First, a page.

Project Information

17_29

Builder-Owner
SWG Schraubenwerk Gaisbach GmbH, Waldenburg

Location
Kupferzell / Westemach

Completion
2019

Project facts
n.b.ar. 11632,58 m², GFA 13692,3 m²,
GBV 124702,82 m³

Rights
Text Tina Mott
Photo SWG Schraubenwerk, Gaisbach

Project Stakeholders
  • Pojektsteuerung
    Mahl Projektsteuerung, Schwäbisch Hall
    ABP Projektmanagement GmbH, Stuttgart
  • Electronics Planning
    BHM-Ingenieure Engineering & Consulting GmbH, Feldkirch
  • Structural Engineering Timber Construction
    SWG Engineering, Rülzheim
  • Building Physics
    Rw-Bauphysik Ingenieurgesellschaft mbH & Co. KG, Schwäbusch Hall
  • Brandschutzgutachter
    Portz Brandschutz, Fellbach
  • Survey
    Hell Ingenieure GbR, Ingelfingen
  • Geologie
    BFI Zeiser GmbH & Co. KG, Ellwangen


SWG screw factory Gaisbach GmbH, Waldenburg

The firm SWG owns a screw factory, 230 employees produce up to 12 million screws a day, and the demand is rising. In response to a necessary expansion the idea initially was to develop the existing company headquarters with an extension. The design team led by Prof. Hermann Kaufmann and his partners argued emphatically for the realisation of an autonomous new building in order to avoid disruptions to ongoing operations and problematic connections and transitions. In addition, a confident architectural appearance strengthens both public perception and the company’s self-image.

A building ensemble is now designed in the immediate vicinity of the company headquarters. The large-scale production hall is connected by a bridge to a three-storey pavilion, which, in addition to office space and meeting rooms, also includes an extensive reception and exhibition area for visitors. Here, interested parties can get to know the products and their applications and study the structure on site using the multiple illustrative examples. This places grater emphasis on the exacting quality of the construction and execution of the industrial building. The production facility has enormous dimensions to accommodate numerous large machines with extensive technical infrastructure. It extends over a length of 114 m and a width of 96.5 m, the height is about 12 m. 70% of the floor space is taken up by the manufacturing and logistics area, while 20% is earmarked for tools and tool making and a further 10% for the storage of raw materials.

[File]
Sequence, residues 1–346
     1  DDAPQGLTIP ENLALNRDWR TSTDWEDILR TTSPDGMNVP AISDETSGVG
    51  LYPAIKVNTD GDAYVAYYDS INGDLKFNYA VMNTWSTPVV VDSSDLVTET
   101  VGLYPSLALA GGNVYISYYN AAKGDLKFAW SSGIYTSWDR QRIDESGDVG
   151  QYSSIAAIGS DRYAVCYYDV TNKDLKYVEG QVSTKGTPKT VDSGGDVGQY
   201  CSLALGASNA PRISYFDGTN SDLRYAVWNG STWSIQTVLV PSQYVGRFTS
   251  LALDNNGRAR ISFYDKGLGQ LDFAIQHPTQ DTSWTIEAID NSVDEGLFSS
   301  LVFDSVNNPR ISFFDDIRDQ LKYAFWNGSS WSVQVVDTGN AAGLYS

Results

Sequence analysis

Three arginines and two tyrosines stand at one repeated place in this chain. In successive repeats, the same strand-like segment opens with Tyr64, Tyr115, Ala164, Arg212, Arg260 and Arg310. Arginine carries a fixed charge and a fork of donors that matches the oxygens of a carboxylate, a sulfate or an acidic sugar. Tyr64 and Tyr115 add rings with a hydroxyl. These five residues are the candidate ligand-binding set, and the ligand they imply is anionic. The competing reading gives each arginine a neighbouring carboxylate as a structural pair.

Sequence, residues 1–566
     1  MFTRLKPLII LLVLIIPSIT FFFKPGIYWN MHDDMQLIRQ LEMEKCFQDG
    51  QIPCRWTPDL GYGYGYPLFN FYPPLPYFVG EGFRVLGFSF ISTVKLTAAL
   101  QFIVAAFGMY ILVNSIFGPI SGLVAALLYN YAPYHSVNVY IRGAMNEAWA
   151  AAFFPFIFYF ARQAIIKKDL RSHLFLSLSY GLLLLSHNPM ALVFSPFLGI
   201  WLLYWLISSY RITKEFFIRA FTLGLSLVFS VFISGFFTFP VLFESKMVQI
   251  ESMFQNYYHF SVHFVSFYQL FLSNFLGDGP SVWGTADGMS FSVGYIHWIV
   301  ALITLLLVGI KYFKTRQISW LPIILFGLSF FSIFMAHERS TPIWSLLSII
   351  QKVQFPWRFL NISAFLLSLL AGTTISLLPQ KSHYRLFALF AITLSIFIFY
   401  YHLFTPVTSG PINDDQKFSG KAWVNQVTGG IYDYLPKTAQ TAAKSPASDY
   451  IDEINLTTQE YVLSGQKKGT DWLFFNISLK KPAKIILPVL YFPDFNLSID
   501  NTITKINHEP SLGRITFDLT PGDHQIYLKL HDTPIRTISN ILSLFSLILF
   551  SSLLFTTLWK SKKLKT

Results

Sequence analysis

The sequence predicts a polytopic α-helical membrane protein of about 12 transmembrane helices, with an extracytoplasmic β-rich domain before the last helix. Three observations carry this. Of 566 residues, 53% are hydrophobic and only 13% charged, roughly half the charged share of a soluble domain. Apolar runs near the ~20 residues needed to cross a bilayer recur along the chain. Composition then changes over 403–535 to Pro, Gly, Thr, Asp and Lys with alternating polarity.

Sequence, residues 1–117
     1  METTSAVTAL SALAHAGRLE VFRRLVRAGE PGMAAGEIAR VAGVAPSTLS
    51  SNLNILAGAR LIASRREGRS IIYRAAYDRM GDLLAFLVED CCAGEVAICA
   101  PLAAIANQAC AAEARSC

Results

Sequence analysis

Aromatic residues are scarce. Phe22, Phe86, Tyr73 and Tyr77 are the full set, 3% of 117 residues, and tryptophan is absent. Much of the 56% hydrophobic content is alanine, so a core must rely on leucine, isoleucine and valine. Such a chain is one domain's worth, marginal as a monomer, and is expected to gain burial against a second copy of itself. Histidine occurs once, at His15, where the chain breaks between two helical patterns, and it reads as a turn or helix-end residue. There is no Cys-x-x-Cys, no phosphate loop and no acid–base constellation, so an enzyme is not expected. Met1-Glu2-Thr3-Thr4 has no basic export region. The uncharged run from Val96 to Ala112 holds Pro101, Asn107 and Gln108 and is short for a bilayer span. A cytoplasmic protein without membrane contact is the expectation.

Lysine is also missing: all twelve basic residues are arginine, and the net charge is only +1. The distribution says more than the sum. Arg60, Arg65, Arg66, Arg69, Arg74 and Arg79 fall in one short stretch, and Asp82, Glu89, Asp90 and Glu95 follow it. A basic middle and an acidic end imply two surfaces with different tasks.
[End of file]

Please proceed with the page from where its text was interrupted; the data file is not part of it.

The building has five aisles and is spanned by a comb-like roof structure. Glazed recesses about 5 m wide between each section work like inverted sheds and create generous daylight exposure. A wire store has been set up towards the south, which is why the production area has to be separated by a fire wall. In the east and west, two narrow spaces encompass the volume they contain infrastructure facilities, workshops and areas for building services. In order to ensure a high degree of flexibility in the production processes, the number of supports in the hall is reduced to a minimum. The supporting structure consists of eight parallel, lengthways, 82 m long and 3.8 m high main truss girders and a row of 18.30 m long secondary truss girders that are hung transversely between them. Since the main trusses rest on only one intermediate support, they function statically as continuous girders with bay widths of 40 m or 42 m.